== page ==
Q64  Mr Jenkin: But it is absolutely true, is it not, that whatever technology we transfer to the United States—this is part of the problem of being a very unequal partner—as part of this arrangement whatever we give them we no longer control their export of that technology to another country, a third country, and we do not have a say over that?

  Dr McGinn: That is not correct.

  Q65  Mr Jenkin: That is not correct?

  Dr McGinn: That is not correct.

  Q66  Mr Jenkin: Could you show me within the Treaty text itself or is that too complicated?

  Dr McGinn: The Treaty talks about an approved community and the approved community is approved US and UK entities. Within that approved community you can transfer goods and services under mutual agreement, but when things leave that approved community, either on the US side or on the UK side, then the licensing laws fall into effect, the ITAR.

  Q67  Mr Jenkin: Our own licensing laws or American licensing laws?

  Dr McGinn: For a UK product that went to the US it would fall under US ITAR.

  Q68  Mr Jenkin: That is the point, is it not, we might have different arms export policies from the United States but once we have transferred our technology to the United States, which we are obliged to do under this Treaty, if you are in the approved community, they can export it to a country that perhaps we would not have exported it to, but we do not have the same freedom to export technology that they have given to us?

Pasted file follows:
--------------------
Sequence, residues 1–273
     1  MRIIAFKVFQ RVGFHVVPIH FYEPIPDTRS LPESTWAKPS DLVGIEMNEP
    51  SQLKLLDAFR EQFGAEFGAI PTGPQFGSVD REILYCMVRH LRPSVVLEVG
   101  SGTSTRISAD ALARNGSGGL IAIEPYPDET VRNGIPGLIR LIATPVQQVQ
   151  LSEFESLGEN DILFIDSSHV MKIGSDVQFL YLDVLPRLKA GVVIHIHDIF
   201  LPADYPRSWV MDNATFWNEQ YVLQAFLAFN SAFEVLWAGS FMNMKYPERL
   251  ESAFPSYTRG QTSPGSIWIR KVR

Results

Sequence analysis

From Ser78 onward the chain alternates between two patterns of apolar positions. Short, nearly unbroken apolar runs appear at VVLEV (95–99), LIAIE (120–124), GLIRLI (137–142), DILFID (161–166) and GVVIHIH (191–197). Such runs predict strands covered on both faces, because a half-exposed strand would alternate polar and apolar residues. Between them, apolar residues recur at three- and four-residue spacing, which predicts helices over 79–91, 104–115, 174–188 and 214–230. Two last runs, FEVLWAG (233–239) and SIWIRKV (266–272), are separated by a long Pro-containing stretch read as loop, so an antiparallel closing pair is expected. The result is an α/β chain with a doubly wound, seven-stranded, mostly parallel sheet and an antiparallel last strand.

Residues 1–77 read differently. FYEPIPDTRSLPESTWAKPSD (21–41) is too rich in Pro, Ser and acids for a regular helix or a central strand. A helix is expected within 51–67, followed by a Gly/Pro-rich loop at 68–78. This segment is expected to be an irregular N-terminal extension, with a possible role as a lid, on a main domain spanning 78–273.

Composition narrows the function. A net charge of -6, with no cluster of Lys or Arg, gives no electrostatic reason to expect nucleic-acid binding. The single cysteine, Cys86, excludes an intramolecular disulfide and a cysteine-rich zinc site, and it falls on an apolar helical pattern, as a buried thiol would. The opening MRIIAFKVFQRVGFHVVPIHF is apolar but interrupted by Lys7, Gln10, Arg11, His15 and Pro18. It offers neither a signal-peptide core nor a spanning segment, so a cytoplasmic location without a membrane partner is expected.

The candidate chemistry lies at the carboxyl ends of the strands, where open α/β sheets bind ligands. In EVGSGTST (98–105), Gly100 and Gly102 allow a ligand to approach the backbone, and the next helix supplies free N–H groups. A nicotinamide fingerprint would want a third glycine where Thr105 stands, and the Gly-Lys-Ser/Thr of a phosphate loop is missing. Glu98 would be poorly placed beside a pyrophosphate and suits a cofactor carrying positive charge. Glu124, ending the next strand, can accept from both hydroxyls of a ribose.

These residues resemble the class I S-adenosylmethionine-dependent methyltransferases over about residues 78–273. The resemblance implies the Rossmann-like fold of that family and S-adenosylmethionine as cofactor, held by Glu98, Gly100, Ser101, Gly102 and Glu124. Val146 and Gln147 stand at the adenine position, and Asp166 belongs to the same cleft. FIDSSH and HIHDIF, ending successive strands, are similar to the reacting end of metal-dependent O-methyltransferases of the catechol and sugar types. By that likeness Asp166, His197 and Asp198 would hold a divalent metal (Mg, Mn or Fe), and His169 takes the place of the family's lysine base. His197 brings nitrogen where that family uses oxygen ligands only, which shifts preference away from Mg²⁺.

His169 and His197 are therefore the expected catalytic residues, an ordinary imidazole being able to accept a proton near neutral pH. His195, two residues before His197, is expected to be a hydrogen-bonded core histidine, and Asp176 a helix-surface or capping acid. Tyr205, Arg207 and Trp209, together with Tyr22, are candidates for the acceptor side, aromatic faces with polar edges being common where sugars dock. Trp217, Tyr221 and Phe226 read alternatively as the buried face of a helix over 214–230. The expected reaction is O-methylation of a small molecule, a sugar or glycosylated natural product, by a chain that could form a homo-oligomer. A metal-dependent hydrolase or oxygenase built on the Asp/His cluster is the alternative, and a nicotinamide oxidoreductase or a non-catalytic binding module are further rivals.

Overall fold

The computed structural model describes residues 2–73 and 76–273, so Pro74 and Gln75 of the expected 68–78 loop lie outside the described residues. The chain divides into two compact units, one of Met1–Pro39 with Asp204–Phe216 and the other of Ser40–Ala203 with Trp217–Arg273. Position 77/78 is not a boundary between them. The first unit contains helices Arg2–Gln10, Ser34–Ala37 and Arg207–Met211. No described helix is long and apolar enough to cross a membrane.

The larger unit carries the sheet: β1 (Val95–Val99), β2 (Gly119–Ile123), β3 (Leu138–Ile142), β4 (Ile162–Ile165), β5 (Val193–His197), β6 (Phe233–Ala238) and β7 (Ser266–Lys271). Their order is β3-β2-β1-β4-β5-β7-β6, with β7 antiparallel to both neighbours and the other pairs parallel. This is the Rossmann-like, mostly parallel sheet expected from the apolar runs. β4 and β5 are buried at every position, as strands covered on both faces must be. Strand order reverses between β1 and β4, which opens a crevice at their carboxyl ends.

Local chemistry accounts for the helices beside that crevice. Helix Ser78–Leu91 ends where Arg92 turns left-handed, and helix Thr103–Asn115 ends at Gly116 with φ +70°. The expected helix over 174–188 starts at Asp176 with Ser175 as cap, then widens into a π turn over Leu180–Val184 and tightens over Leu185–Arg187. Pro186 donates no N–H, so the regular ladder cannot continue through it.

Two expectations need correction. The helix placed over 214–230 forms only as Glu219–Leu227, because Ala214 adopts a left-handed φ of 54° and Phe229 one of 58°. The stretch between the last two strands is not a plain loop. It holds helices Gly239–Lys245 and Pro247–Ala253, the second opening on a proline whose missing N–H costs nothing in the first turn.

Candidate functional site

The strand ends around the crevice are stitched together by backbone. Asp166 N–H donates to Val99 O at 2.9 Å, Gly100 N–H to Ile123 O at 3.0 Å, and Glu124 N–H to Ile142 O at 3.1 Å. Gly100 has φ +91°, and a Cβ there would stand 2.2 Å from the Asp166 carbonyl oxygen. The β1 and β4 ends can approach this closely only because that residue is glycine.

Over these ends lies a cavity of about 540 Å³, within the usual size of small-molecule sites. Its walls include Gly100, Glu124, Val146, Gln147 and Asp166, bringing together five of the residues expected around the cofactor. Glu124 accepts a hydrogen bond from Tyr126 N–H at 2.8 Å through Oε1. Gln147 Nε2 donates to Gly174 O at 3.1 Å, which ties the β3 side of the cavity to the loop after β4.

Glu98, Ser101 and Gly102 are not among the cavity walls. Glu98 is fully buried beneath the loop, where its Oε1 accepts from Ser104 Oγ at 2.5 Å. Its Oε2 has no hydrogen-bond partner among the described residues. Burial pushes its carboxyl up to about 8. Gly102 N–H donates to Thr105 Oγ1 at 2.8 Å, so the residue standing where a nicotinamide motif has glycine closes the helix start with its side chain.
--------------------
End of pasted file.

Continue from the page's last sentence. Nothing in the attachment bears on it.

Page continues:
Mr Hayes: That is exactly the situation that exists today, it is no different.

  Q69  Mr Jenkin: I think that is the key point.

  Mr Godden: It is no different, it is just taking what we currently have.

  Q70  Mr Jenkin: Except that we can choose not to export certain items to the United States now.

  Mr Godden: We can choose not to do so under the Treaty.

  Q71  Mr Jenkin: So how does this Treaty make any difference?

  Mr Hayes: It makes it easier for goods and technology to flow from the United States to the UK.

  Q72  Mr Jenkin: I understand. What you are saying is that this Treaty is necessary to enable the United States to change their arrangements; it really will not make much difference to the arrangements we already have in this country?

  Mr Godden: That is close I think.

  Mr Hayes: I think it is important to appreciate that we are looking at two sides of the same coin effectively. This is an export control situation from a US perspective; it is a security situation from the UK perspective.